Alma Elvira Jensen was born in Malmo, Sweden, on Nov. 27th, 1872, came to America when six years of age. Her child-hood and girl-hood were spent in Logan, Utah, where she met and married Geo. W. Shurtiff in 1888. Mrs. Shurtleff came to this Valley a bride and lived on the home place 28 years. She leaves a husband, four sons, a daughter, a sister, brothers and a mother to mourn her. The funeral was held at the Christian Church on Sunday afternoon at 2:30, Harvey Allred of Boise, conducting the service. Mr. Allred was a life long friend of Mrs. Shurtleff and spoke of her many virtues as a mother, a wife and a friend.

The many floral offerings were a silent token of the love and esteem of her family and friends. As a last loving service the sons acted as pall-bearers and the body was laid to rest in the Riverside Cemetery. Mrs. Cook and Mrs. L. Covey of Salt Lake and Harvey Allred and family of Boise attended the funeral. (Riverside Cemetery)

Payette Enterprise
Thursday, May 02, 1918
Frank H. Muzzy was born in Illinois December 19, 1852, and died at Payette April 27th, 1918, age 65 years, 3 months and 8 days. He was married to Pauline Gates April 4, 1882, and moved to Wyoming the following year and to Payette in 1909 which place has been his home until the time of his death. He was a lifetime member of the Baptist church and also a member of the Woodmen Lodge. His motto through life was to do unto others as you would have them do unto you. His honor and sterling character has won for him friends wherever he went. He was kind and gentle as a husband and father. The immediate cause of his death was pneumonia, although he has not enjoyed good health for more than a year. He leaves to mourn his loss besides a wife, four children, Chester of Baker City; Frank of Cascade, Idaho; Mrs. Kenneth Taylor of Eau Clair, Wis.; and Mrs. F. J. Stanton of Payette; also one brother and one sister who were all present at the funeral. The funeral services were held at the Baptist Church Wednesday afternoon at 2 o'clock conducted by Rev. Van Englen, a former pastor, and the body laid to rest in the Riverside Cemetery. (Riverside Cemetery)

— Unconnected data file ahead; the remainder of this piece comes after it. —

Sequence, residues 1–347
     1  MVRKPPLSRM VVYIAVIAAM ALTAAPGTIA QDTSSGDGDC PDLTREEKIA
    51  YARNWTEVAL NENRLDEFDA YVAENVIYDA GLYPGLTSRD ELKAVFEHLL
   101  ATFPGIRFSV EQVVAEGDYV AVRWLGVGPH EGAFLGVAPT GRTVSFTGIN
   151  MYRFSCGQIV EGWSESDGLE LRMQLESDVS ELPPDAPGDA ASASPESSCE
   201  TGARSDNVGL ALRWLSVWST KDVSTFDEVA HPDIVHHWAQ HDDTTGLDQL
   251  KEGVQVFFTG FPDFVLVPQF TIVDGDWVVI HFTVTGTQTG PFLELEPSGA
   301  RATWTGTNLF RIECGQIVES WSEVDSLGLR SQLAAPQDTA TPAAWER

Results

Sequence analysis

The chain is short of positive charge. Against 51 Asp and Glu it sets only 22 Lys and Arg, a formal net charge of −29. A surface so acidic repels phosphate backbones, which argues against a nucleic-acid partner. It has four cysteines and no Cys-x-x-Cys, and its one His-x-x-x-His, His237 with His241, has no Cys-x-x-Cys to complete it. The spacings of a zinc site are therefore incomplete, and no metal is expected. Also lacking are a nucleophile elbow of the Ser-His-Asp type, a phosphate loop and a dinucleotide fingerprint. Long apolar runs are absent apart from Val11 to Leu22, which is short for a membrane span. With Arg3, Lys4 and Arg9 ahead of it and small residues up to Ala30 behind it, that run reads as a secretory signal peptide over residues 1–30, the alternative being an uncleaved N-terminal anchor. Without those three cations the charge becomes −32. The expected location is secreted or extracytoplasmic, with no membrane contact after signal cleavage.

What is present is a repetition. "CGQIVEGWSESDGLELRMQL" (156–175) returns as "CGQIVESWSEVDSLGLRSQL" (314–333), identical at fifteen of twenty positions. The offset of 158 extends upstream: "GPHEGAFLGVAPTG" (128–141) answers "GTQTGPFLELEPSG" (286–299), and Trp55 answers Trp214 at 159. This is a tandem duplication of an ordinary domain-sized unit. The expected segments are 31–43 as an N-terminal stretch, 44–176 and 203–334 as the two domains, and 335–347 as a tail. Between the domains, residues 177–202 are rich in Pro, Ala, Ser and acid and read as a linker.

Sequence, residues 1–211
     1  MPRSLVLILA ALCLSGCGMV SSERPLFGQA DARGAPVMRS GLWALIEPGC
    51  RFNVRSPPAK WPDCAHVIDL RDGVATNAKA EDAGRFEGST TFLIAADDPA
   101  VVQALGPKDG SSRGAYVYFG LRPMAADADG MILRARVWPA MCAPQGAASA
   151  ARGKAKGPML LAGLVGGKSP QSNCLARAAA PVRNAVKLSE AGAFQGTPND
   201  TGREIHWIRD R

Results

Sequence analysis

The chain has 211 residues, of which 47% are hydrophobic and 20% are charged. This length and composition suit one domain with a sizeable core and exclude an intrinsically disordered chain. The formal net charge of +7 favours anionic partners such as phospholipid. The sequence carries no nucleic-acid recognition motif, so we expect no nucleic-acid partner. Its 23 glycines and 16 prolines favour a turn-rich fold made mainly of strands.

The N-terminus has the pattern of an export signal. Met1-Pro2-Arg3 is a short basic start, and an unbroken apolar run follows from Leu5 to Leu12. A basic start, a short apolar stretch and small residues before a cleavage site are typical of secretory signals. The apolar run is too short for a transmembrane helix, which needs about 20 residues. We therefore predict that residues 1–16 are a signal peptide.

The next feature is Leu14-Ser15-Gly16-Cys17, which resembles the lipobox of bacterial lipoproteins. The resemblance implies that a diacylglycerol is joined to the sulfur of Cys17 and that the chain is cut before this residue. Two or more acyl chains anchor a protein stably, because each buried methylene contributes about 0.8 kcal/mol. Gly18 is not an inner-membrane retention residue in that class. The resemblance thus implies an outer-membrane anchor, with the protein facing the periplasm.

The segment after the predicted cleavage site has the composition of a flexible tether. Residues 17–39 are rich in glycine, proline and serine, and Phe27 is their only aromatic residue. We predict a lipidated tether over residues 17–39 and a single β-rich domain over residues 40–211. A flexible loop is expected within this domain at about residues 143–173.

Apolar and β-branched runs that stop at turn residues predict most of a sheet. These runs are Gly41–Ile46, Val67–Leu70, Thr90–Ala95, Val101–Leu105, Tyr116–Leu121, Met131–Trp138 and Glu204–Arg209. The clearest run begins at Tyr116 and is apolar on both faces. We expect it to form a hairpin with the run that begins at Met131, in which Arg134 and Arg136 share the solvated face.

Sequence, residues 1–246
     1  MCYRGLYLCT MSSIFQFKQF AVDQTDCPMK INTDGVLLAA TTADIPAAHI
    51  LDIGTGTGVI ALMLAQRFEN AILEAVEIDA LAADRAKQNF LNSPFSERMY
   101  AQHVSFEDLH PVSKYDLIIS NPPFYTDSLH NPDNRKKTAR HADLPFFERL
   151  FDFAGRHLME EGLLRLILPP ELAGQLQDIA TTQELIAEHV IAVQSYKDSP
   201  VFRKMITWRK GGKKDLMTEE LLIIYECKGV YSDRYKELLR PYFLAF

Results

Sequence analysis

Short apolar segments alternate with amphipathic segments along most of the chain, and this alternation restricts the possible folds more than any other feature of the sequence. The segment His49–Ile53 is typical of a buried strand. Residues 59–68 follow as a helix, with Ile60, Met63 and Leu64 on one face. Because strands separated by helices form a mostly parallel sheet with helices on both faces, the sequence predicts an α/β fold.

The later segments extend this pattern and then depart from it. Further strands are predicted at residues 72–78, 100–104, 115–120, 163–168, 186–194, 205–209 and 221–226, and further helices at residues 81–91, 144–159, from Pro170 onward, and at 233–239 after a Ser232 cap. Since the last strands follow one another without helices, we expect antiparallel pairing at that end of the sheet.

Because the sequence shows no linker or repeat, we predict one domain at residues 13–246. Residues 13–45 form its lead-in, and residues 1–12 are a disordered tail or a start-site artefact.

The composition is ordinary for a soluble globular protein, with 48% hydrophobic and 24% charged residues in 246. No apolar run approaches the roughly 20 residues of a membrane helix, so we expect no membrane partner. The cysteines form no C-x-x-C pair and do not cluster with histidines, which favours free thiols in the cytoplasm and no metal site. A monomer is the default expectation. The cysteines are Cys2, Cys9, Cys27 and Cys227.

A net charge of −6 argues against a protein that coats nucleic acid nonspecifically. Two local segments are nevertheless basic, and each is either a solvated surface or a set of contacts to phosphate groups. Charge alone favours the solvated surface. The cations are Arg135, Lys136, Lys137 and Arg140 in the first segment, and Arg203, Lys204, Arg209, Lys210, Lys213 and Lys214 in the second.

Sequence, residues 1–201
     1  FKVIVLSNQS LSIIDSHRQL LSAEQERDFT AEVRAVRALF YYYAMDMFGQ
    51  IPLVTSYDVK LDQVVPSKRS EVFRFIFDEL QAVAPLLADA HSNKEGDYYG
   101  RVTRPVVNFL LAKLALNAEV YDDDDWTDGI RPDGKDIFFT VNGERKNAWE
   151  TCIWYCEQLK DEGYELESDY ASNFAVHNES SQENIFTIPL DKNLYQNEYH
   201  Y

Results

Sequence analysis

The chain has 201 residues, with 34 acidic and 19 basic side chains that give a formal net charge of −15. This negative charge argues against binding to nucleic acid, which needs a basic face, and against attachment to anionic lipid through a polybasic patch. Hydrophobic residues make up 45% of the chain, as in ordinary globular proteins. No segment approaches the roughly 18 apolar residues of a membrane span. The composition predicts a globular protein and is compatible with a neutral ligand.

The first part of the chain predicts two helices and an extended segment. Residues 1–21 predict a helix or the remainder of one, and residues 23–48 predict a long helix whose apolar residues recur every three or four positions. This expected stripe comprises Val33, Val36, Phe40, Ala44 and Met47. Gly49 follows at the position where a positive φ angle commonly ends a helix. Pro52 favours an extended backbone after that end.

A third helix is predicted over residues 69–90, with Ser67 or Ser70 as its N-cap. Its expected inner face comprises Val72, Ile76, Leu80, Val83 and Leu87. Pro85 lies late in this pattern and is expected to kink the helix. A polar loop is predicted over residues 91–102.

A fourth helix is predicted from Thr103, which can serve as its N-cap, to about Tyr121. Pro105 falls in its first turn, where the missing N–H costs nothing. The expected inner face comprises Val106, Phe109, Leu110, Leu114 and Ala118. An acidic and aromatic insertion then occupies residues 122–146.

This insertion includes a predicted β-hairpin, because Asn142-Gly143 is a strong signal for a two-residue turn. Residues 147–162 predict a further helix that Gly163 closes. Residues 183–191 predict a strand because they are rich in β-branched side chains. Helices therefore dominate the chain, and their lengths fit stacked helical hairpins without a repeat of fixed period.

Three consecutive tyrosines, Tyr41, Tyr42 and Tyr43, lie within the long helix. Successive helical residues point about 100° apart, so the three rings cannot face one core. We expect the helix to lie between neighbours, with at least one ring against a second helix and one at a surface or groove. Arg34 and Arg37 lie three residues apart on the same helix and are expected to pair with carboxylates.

Payette Enterprise
Thursday, May 09, 1918
Mrs. Esther Arner, better known as grandma Arner, who resided at Payette with her daughter, Mrs. J. B Gorton, for thirteen years, passed away at the home of her son, at Crawford, Nebr., May 1st at the age of eighty-four. She was born in Washington county, Penn., April 12, 1834 and leaves one brother and sister, three sons and one daughter to mourn her loss.

Payette Enterprise
Thursday, May 09, 1918
Word was received the first of the week of the death of M. J. Gardiner in Omaha, Neb., Sunday afternoon, May 5. He had been in an automobile accident a short time before and had his knee cap broken but was recovering when he suddenly passed away. Death was caused by heart failure. The Gardiner family formerly lived near Sunnyside school house but moved to Omaha about two years ago. He leaves to mourn his loss a wife and five sons.